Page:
In a logical prequel to the Septuagenarian Sex Shocker, this just in: middle-aged women who are sexually active continue to have sex! Even if they’re diagnosed with sexual dysfunction—a term that’s beginning to lose scientific credibility, and not soon enough.
Sex After …Women Share how Intimacy Changes after Life Changes is a new book by journalist and author Iris Krasnow, who interviewed over 150 women ages 20 to 88 to get the skinny on sex after pregnancy, divorce, infidelity, breast cancer, coming out, and menopause. It’s the last category that’s generating the buzz, with eyebrow-raising all around at the possibility that women in their 70s and 80s could be having the best sex of their lives. Takes on the finding range from progressive to retrograde.
How Old is Too Old To Have Sex? was the title of a Huffington Post Live Blog that I took part in on June 14th. As I pointed out during the exchange, the question itself is profoundly ageist. We don’t ask whether people age out of singing, or eating ice cream, so why even pose the question when it comes to making love?
This marvelous PSA dips with aplomb into the Kama Sutra to promote condom use. It’s a response to rising numbers of STI infections in people over 50, among whom rates of sexually transmitted diseases such as chlamydia, gonorrhea and syphilis have doubled in the past decade.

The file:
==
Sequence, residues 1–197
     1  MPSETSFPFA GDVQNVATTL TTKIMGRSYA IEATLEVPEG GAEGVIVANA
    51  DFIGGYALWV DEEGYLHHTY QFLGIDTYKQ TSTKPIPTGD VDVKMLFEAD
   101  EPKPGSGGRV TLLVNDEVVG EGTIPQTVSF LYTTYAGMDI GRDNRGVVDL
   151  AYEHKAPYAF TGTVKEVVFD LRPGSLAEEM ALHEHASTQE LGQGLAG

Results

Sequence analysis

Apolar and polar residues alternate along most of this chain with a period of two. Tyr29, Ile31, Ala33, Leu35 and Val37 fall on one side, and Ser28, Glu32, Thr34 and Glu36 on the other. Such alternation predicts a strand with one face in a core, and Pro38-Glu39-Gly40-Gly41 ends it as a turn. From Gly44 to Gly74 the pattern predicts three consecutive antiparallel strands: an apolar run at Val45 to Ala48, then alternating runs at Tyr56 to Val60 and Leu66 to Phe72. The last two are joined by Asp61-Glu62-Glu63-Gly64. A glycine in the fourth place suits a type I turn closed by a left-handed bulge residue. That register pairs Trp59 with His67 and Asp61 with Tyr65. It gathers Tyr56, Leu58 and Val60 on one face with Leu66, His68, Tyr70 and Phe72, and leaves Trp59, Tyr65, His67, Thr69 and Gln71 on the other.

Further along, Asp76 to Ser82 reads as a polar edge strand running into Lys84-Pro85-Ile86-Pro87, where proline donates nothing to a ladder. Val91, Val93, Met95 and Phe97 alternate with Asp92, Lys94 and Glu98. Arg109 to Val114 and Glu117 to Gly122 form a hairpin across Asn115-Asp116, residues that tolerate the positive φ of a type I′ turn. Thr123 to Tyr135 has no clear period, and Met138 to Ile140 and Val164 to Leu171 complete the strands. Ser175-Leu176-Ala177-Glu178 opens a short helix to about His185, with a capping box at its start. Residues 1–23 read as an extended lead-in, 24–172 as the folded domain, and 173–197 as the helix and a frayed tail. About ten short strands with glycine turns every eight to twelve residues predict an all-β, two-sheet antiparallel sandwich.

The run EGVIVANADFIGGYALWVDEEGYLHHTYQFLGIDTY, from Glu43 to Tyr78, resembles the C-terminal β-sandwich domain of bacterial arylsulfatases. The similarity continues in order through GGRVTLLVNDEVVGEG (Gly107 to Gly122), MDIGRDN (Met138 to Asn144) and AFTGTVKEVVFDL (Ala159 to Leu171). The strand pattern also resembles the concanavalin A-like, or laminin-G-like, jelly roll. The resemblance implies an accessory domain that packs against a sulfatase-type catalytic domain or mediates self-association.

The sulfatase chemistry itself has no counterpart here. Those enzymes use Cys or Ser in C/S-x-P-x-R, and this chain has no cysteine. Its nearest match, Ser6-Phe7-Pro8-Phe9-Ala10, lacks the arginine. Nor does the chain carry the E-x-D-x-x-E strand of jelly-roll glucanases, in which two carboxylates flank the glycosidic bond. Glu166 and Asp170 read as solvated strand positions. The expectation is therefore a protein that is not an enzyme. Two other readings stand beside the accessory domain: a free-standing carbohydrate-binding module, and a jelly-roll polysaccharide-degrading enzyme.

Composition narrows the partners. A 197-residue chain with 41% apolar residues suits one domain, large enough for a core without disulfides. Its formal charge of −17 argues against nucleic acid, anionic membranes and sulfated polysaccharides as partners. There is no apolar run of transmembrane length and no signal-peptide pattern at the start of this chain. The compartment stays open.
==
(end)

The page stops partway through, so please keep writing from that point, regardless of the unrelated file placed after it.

First a bit of a rant. The tags for this interview with visionary activist Maggie Kuhn are: Aging gracefully (twice, in case you don’t get the hang of it in one go), Kuhn, Gray Panther(s), Meaning, Potential, and Purpose. Where on earth is Ageism? Interviewer Ken Dychtwald is a high-profile gerontologist and marketer, writing here for the Huffington Post, hardly an internet backwater. How much longer will ageism remain missing from the mainstream mindset?
I knew that applied to neurons and gift certificates, but I had no idea it was true of female genitalia. That tissues grew thinner and dryer after menopause, yes, but not that visitor-free vaginas can actually atrophy: grow shorter and narrower. I didn’t know it because no one ever talked about it, any more than they talked about how people can enjoy satisfying, passionate sex into their 90s—if they make it a priority and embrace the ways sex changes over time.
I missed the 12-12-12 concert in New York's Madison Square Garden to benefit Hurricane Sandy victims and I wish I’d missed this vile write-up in the New York Times. Snarkily titled “The Music Is Timeless, but About the Rockers ...”, it sneered at the star-studded line-up of “retirement-age rock icons,” described their “visible aging” as “tragic,” derided “geriatric acts” like Bruce Springsteen and Roger Waters for refusing to “accept with a certain grace the ravages of time,” mocked Iggy Pop’s “freakishly impressive” body and Roger Daltrey’s “snare-tight” abs (“a specimen for his age, to be sure”), and called out these “men of Viagra-taking age” for “violat[ing] an obvious dictum for seniors: keep your clothes on in public.”